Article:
Sunday, September 27, 2009

Chicago 2016 Olympics group looking for federal cash: UPDATED

Until I read a story from Crain's Chicago Business just now, I was rooting for Chicago's bid for the 2016 Summer Olympics.

The International Olympic Committee meets in Copenhagen on Friday, the local television station are preempting regular programming to cover the IOC vote which will determine which city gets the games.

Chicago and Rio de Janiero are considered to be the favorites; Tokyo and Madrid also have presented bids.

The personal advantage of having the games in Chicago is tremendous. I live five miles outside of the city, so if the games are a financial bust, my wallet won't be picked. Yet many events will undoubtedly take place witing a few miles of my home, and if I care to spend a fortune and view an event at the Olympic stadium, that venue will be only 20 miles from Morton Grove.

But Crain's says my wallet might end up being lighter after all--because of Chicago style politics emanating from the White House.

Chicago and the Obama administration are exploring ways the federal government can bolster the city's bid for the 2016 Olympic Games with financial support for the $1-billion Olympic Village.

Crain's has learned that senior presidential adviser Valerie Jarrett and Lori Healey, president of the Chicago 2016 committee, met this month with top officials of the Department of Housing and Urban Development to discuss financing options for the village, the single biggest project — and question mark — in the city's bid.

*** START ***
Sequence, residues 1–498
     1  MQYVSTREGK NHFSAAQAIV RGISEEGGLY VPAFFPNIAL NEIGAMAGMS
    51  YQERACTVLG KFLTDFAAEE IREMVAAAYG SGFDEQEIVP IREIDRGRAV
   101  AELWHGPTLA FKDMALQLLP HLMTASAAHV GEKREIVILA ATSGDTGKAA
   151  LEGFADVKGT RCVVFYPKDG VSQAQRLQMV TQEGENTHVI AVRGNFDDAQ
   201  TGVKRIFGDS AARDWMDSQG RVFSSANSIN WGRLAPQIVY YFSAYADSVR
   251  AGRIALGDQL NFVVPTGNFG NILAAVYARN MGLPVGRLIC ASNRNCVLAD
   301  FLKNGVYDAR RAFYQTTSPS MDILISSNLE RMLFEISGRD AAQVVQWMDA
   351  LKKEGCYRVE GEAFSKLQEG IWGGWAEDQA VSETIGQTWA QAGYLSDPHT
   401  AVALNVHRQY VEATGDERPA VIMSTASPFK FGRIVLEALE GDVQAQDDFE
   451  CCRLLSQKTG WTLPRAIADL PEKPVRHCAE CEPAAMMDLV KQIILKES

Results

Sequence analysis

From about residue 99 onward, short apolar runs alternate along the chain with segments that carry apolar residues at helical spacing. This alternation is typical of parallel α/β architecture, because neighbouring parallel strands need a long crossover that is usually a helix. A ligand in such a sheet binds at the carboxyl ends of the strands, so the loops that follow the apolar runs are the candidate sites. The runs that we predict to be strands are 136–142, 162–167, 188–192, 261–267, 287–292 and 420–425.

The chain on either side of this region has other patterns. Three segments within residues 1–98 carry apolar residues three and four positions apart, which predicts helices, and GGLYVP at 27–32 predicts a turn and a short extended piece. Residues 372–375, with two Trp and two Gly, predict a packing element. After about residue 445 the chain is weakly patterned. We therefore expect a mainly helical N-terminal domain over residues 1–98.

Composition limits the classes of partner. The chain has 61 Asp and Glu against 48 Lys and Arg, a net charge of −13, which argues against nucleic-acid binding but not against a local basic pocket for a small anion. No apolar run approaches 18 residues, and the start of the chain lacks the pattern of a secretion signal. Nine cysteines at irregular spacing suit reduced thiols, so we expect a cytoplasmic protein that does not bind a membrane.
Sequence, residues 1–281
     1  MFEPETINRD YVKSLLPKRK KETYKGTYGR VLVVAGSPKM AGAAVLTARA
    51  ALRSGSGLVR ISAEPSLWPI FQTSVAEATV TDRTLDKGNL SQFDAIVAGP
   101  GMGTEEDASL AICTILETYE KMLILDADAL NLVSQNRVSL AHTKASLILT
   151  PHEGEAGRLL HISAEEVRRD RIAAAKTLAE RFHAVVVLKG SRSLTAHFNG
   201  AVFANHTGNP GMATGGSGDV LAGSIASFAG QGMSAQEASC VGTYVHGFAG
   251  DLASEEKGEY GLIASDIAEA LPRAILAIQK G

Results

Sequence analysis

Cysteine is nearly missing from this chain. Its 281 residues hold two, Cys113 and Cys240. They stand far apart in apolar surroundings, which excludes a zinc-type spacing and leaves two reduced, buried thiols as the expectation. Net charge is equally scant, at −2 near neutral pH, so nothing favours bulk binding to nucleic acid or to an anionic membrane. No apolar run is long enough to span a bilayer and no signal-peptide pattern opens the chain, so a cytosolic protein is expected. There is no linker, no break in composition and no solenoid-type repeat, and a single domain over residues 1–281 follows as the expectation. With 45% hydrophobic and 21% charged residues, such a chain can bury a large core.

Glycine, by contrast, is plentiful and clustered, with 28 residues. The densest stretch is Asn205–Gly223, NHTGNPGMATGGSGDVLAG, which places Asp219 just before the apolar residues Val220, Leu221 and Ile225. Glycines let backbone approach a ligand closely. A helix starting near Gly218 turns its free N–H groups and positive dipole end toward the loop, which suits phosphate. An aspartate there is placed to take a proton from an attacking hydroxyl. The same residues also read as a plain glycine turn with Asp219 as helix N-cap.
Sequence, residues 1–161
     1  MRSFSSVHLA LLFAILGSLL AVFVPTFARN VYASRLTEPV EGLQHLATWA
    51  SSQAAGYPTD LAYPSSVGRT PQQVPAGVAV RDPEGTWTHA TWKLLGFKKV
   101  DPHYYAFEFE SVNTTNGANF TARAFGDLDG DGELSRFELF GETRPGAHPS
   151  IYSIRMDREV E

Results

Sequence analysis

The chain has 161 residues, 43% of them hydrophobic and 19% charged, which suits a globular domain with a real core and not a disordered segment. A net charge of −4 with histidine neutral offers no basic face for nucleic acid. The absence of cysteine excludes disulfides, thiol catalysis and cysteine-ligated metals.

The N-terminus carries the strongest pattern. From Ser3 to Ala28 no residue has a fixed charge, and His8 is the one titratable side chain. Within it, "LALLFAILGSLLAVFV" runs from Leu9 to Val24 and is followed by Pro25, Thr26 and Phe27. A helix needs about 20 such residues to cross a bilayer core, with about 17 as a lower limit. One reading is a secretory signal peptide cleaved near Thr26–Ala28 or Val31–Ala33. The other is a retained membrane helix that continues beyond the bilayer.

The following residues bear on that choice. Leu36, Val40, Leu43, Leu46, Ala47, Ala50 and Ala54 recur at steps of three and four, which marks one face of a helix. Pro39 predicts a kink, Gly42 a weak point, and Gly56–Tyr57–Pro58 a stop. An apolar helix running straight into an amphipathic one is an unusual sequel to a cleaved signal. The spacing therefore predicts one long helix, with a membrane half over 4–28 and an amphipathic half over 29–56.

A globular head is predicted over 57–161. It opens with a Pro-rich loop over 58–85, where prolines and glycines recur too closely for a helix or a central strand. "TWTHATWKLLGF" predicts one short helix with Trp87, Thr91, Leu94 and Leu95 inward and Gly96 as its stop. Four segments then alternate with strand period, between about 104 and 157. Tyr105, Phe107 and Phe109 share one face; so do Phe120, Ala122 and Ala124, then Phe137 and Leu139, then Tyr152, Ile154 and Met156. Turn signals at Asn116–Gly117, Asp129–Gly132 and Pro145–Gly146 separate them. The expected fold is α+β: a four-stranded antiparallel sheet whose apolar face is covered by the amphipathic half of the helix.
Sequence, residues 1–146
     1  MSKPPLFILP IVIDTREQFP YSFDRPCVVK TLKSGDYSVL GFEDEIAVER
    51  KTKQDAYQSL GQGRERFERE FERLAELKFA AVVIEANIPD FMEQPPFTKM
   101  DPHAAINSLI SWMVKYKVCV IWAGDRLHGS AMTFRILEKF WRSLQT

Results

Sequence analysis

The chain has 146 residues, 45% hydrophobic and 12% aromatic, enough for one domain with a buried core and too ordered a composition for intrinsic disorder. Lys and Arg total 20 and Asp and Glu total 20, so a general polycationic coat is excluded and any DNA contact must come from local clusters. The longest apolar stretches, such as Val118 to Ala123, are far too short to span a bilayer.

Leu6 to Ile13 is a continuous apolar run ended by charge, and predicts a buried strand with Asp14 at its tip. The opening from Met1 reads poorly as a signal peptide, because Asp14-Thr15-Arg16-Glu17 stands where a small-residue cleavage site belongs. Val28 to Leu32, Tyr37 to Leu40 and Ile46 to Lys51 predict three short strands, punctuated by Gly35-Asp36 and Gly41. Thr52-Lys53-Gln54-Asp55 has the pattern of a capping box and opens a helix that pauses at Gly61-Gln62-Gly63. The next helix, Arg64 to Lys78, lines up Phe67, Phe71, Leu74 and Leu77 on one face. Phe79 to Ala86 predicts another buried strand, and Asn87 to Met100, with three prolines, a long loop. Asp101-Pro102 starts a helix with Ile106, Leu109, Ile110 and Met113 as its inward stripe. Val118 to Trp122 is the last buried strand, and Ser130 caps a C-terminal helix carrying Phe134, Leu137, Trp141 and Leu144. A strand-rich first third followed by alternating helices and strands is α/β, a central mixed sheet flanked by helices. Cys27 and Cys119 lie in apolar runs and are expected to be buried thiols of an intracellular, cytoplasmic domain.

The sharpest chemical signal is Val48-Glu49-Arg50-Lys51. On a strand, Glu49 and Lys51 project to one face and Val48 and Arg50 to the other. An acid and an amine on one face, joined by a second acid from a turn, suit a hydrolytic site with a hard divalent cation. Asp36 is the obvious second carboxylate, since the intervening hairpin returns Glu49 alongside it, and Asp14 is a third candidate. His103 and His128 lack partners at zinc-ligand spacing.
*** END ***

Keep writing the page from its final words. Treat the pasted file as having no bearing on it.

The main hurdle facing Chicago is coming up with a long-range plan for an Olympic Village that is commercially viable while meeting objectives of existing HUD programs that could be tapped for funds, such as low-income housing tax credits and grants or loan guarantees for community development, affordable housing or housing for seniors.

"I think it's premature to talk about what the funding might be," says Ms. Jarrett, a former co-chair of Chicago 2016 and city planning commissioner who now heads White House efforts to help Chicago's bid. "A proposal has not been made to the federal government, but the administration is not closing the door" on anything, she adds. The administation "obviously (is) willing to meet and listen."

Hoo boy...this could get expensive.

UPDATE 10:35pm: Drudge is reporting that Chicago 2016 told Fox 32 Chicago not to run a mildly critical report because it "would harm Chicago's chances" of winning the games.

Very intersting.

The story was gleaned from the Chicagoans for Rio web site. There is speculation that the site is Brazil-based.

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Morton Grove Voice said...

Hey John... you'd stated "I live five miles outside of the city"

If Morton Grove was that close we'd all be jogging or biking in as well!

From the MG Library to Nacy Pier is over 15 miles!!!!!!!


Marathon Pundit said...

Outside the city limits, Eric. Not everything will be at Washington Park...